You are here
Challenger chief, management defend offer price, dividend payout
PRESSED by Pangolin Investment Management for a higher offer price and dividend payout yet again at its annual general meeting on Monday, both Challenger Technologies' CEO and management maintained that their practices are fair.
Pangolin had in March released a report bemoaning that Digileap Capital's offer price was too low and unfair for minority shareholders, and that Challenger should be valued by its cash flow to shareholders, in which case the fair value of the shares should be at least S$1.15, not the S$0.56 that Digileap Capital is offering.
Digileap Capital is 70 per cent owned by the Loo family, and 30 per cent by Dymon Asia Private Equity. Pangolin owns 2.94 per cent of Challenger.
Pangolin had, even before the meeting, already started rallying minority shareholders to vote against two resolutions: one, the proposed final dividend of two cents per share for FY18 which it deemed too low, and two, the proposal to give the company authority to allot and issue shares or convertible securities, because it felt that the company, being cash-rich, does not appear to need to raise cash anytime soon.
In response, CEO Loo Leong Thye, himself part of the offeror consortium, stressed the need for the company to remain prudent amid a difficult retail environment.
Its business is bogged down by rising rents and manpower shortage. The company needs to keep aside money as capital expenditure as it opens more stores, he said. This year, it is opening three: a 1,700 sq ft store at Jewel Changi Airport and 1,000 sq ft store at West Coast Plaza in Q2, and a third store (5,000 sq ft) at Paya Lebar Quarters in Q3. The store setup costs - including renovation, inventory and rental deposits - will come up to about S$3.5 million for these three stores.
Besides store openings, capex also goes towards shop renovations, decommissioning existing shops when rentals go up too high, procuring IT systems and investing in other businesses.
Overall, keeping an amount of cash within the company is also for the sake of its long-term sustainability. For instance, paying suppliers early can earn the company discounts later on. Besides, one never knows when an acquisition opportunity may present itself. "We prefer to do it on a self-sustaining basis rather than depend on outside funds to fund all this expansion," he said.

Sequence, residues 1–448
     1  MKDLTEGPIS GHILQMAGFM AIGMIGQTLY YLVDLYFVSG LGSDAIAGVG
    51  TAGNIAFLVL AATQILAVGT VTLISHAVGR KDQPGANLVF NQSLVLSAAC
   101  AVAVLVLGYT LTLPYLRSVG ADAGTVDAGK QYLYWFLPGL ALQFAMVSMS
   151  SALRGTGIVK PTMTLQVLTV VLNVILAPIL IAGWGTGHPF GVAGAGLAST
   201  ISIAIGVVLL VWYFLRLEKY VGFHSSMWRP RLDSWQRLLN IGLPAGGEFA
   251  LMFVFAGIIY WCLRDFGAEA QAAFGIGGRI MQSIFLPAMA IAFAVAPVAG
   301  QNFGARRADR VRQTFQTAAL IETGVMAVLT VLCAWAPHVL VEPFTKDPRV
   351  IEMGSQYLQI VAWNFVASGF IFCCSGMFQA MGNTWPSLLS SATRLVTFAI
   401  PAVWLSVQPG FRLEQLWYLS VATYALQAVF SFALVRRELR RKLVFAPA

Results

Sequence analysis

Mr Loo also said it is better for shareholders that the company gets privatised because as it undergoes new initiatives, revenue and earnings will inevitably be affected.
Asked by a shareholder if it was possible for the company to retain S$20 million for capex and distribute the rest of the cash to shareholders, which was what Pangolin had suggested last month as it believed that this was what the company needed for working capital, chief financial officer Tan Wee Ko appeared visibly irked.
He replied: "I keep on hearing this S$20 million magical number; it looks like you all already know the business more than us in management know our business. But to tell you honestly actually, to participate in an IT show, basically the full purchase of the stocks that we need for that four-day IT show could be more than S$12 million, S$15 million, just for the four days. I think you all have your own views on how much cash we need; similarly we also have our own views of how much cash we need."
In response to Pangolin director James Hay's comment too that the company does not need to raise cash and so does not need to issue shares or convertibles, Mr Loo said it is more for the purpose of hiring talent, as sometimes these employees may like to be given shares.
All resolutions were still passed in the end. Several times during the meeting, management also requested to defer discussion of the offer until the extraordinary general meeting to be convened, especially as the presence of an independent financial adviser would make for more fruitful discussion.